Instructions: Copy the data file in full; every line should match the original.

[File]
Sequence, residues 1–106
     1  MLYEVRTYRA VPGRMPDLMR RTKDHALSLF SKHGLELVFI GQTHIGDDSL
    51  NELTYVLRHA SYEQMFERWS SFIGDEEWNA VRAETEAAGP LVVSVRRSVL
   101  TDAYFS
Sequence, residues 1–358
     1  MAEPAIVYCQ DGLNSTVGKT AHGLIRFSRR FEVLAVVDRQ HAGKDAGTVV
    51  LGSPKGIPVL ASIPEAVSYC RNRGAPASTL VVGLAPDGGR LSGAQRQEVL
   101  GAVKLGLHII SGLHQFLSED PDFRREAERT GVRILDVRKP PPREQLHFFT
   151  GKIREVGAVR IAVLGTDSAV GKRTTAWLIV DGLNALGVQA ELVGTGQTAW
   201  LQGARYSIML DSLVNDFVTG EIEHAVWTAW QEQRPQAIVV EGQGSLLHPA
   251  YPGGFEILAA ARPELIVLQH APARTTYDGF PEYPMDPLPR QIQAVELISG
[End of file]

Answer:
Sequence, residues 1–106
     1  MLYEVRTYRA VPGRMPDLMR RTKDHALSLF SKHGLELVFI GQTHIGDDSL
    51  NELTYVLRHA SYEQMFERWS SFIGDEEWNA VRAETEAAGP LVVSVRRSVL
   101  TDAYFS
Sequence, residues 1–358
     1  MAEPAIVYCQ DGLNSTVGKT AHGLIRFSRR FEVLAVVDRQ HAGKDAGTVV
    51  LGSPKGIPVL ASIPEAVSYC RNRGAPASTL VVGLAPDGGR LSGAQRQEVL
   101  GAVKLGLHII SGLHQFLSED PDFRREAERT GVRILDVRKP PPREQLHFFT
   151  GKIREVGAVR IAVLGTDSAV GKRTTAWLIV DGLNALGVQA ELVGTGQTAW
   201  LQGARYSIML DSLVNDFVTG EIEHAVWTAW QEQRPQAIVV EGQGSLLHPA
   251  YPGGFEILAA ARPELIVLQH APARTTYDGF PEYPMDPLPR QIQAVELISG